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Ma has no right to intervene in nuke issue: Lin

TAIPEI, Taiwan -- Former Democratic Progressive Party (DPP) Chairman Lin Yi-hsiung (林義雄) yesterday said that President Ma Ying-jeou should not intervene in the nuclear power controversy since the issue does not fall into the categories of national defense or foreign affairs.

Lin said that the issue regarding the Fourth Nuclear Power Plant should be handled by the Executive Yuan and the Legislative Yuan instead of the president.

On Wednesday, Ma visited Lin, who started a hunger strike on April 22 against Nuke 4, and left a message in which he promised that once international and domestic experts have completed safety inspections on the power plant, its fate will be determined by a referendum.

Lin yesterday wrote back to Ma, saying that before the Executive Yuan and the Legislative Yuan can make any decision on the Nuke 4 issue, no one, including the president himself, has the right to make any promises on behalf of the government.

Lin said that the president's job is to take care of foreign affairs and national defense while leaving other issues to the Executive Yuan under the supervision of the Legislative Yuan, something which ought to be common sense for everyone in Taiwan.

As for Ma's statement that the result of the proposed referendum will decide the fate of Nuke 4, Lin said that it is the Legislative Yuan's responsibility to decide whether or not a referendum should be proposed or whether a separate set of regulations should be made to solve the Nuke 4 issue.

Lin added that the disputes on Nuke 4 can be solved two ways: immediately cease construction on the power plant or hold a referendum to decide the power plant's fate.

Based on current regulations, Lin said, the best way to solve the issue would be either for the Executive Yuan to propose ceasing Nuke 4 construction and getting the Legislative Yuan to agree, or for the Legislative Yuan to produce a resolution demanding that the Executive Yuan follow suit.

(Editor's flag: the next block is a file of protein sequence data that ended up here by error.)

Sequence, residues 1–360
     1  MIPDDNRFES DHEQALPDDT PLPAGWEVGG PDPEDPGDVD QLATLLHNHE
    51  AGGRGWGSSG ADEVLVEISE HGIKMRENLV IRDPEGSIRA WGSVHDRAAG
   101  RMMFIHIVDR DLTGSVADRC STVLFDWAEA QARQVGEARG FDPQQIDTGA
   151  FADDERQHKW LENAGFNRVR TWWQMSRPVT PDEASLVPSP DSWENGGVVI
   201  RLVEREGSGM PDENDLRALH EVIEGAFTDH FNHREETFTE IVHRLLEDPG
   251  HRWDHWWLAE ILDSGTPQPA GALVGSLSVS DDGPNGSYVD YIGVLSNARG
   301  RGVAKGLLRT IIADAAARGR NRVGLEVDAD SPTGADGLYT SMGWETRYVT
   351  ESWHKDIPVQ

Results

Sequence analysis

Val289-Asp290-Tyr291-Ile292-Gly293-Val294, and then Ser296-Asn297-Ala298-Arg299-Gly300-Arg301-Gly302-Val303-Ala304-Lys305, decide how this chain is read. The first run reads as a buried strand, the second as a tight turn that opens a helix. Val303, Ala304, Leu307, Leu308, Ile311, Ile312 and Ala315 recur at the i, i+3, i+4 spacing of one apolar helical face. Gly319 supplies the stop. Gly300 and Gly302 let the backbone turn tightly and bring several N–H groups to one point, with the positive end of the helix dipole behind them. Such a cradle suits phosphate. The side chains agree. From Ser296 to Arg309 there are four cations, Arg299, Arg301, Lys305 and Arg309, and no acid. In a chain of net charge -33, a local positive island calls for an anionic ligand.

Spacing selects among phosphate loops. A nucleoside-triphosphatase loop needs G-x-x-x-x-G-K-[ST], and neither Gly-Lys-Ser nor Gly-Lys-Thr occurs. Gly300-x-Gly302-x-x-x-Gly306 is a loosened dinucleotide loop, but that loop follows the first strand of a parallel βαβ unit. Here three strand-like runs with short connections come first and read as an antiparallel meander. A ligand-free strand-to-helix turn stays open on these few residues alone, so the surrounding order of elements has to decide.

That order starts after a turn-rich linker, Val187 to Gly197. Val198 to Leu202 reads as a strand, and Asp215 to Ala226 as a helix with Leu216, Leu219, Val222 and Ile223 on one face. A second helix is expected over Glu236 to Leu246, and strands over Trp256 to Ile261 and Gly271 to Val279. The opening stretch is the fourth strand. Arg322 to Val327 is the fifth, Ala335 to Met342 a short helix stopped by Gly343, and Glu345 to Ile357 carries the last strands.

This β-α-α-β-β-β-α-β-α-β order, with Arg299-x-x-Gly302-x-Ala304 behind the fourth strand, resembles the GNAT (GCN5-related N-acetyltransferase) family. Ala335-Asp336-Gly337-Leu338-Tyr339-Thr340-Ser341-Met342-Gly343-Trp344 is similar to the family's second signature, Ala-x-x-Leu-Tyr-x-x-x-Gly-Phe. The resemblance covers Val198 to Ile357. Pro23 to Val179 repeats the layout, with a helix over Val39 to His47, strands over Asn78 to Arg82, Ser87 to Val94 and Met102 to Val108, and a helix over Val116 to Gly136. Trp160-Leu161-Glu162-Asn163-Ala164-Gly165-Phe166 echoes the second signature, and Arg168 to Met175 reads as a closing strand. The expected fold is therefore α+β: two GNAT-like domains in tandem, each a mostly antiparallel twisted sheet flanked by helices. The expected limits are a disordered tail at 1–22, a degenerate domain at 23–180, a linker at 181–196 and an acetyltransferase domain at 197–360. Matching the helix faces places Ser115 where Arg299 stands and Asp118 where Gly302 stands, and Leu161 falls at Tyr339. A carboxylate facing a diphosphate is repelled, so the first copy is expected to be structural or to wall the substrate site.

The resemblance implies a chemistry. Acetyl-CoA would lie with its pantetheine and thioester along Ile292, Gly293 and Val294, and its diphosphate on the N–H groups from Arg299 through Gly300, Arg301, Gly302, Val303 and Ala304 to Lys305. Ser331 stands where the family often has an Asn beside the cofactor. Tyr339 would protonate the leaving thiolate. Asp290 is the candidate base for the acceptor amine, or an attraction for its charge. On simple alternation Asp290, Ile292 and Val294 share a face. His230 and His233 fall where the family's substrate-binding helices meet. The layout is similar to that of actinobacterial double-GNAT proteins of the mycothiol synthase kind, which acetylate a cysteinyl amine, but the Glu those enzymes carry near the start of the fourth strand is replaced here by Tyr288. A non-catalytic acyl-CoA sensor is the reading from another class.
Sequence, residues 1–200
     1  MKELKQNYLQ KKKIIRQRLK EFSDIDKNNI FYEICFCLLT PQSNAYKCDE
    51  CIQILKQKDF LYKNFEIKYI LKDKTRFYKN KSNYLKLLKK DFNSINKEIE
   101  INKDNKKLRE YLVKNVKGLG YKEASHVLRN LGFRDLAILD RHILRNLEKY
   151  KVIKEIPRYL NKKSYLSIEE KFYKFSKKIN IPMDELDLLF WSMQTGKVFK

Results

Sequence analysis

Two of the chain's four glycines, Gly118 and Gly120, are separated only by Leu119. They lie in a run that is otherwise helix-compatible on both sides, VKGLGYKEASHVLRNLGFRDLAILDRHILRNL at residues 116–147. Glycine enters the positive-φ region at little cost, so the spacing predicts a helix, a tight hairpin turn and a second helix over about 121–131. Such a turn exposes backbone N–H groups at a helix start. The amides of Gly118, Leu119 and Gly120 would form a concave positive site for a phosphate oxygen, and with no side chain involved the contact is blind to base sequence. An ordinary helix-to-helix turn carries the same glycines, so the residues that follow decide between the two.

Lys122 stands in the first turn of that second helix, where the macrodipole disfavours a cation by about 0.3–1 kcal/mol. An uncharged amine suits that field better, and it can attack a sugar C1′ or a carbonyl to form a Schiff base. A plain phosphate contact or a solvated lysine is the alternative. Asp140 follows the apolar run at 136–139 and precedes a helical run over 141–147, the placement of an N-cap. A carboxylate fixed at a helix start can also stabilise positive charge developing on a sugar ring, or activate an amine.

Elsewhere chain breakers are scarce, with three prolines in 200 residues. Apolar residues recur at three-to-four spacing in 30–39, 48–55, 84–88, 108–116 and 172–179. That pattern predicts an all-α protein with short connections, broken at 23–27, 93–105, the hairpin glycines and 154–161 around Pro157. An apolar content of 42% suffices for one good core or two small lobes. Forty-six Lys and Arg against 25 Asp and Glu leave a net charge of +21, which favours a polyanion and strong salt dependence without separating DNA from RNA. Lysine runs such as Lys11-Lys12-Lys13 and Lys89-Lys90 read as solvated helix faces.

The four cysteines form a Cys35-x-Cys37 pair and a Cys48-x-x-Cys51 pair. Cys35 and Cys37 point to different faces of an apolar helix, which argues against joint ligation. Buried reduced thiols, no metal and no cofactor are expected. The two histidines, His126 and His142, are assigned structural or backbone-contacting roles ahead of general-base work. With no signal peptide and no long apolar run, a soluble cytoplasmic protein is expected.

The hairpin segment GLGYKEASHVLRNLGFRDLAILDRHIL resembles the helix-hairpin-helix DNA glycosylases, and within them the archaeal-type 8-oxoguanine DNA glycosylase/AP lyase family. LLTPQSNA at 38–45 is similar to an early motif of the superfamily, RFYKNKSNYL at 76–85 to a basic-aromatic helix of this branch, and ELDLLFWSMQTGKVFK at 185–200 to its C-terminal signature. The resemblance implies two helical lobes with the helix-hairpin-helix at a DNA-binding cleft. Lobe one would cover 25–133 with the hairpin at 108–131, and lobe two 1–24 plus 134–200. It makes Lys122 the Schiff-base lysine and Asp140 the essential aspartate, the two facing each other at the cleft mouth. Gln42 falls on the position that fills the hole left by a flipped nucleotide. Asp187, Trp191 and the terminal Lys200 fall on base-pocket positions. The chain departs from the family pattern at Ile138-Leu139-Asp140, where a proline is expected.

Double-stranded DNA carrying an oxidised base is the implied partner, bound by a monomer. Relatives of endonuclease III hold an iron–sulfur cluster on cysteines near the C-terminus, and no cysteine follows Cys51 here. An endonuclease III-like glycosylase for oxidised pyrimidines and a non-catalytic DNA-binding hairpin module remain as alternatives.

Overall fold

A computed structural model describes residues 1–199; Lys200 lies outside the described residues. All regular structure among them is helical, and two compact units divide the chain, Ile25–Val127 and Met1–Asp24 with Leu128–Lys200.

According to the Constitution, Ma has the responsibility to mediate between the Legislative Yuan and the Executive Yuan in the event of a conflict, Lin said, adding, however, that Ma has been making statements with no legal basis, making it harder for him to arbitrate any issue regarding Nuke 4 between the two yuans.

Lin is currently on a hunger strike at the Gikong Presbyterian Church, which was built on the site of his former residence where his twin daughters and mother were murdered allegedly for his involvement in the 1979 Formosa Magazine incident.

The Public Has Its Own Opinions: Presidential Office

The Presidential Office yesterday said that the public has its own opinion regarding the article that Lin wrote to Ma.

Ma visited Lin because he cares about Lin's health, the Presidential Office said, adding that it has no comment on Lin's reply to Ma.

April 25, 2014    r@
The amount of money wasted by delays is massive? Billions of dollars.
The indecisiveness is staggering.
Taiwan cannot afford to scrap the project.
If it's safe to international standards then it should run.
Taiwan needs clean power.

April 25, 2014    billparkhurst@
More nukes is a huge mistake for Taiwan. Solar panels on rooftops is the alternative solution with more power from a renewable source at less investment.
April 25, 2014    r@
billparkhurst@ wrote:
More nukes is a huge mistake for Taiwan. Solar panels on rooftops is the alternative solution with more power from a renewable source at less investment.
did u do any sums?
solar panels!
suggest u check how much electricity taiwan uses per day.
do u think the hst ( gaotie ) can do 300kph on solar panels !
April 28, 2014    kjjk@
To: -suggest u check how much electricity Taiwan uses per day-

Suggest you check how much Taiwan is wasting its electricity today.
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 Ex-President Lee clarifies critical stance on power plant 
Former Democratic Progressive Party (DPP) Chairman Lin Yi-hsiung (林義雄), center, continues his hunger strike against the Fourth Nuclear Power Plant at the Gikong Presbyterian Church in Taipei, yesterday. Lin said that President Ma Ying-jeou should not intervene in the nuclear power controversy since the issue does not fall into the categories of national defense or foreign affairs. (CNA)

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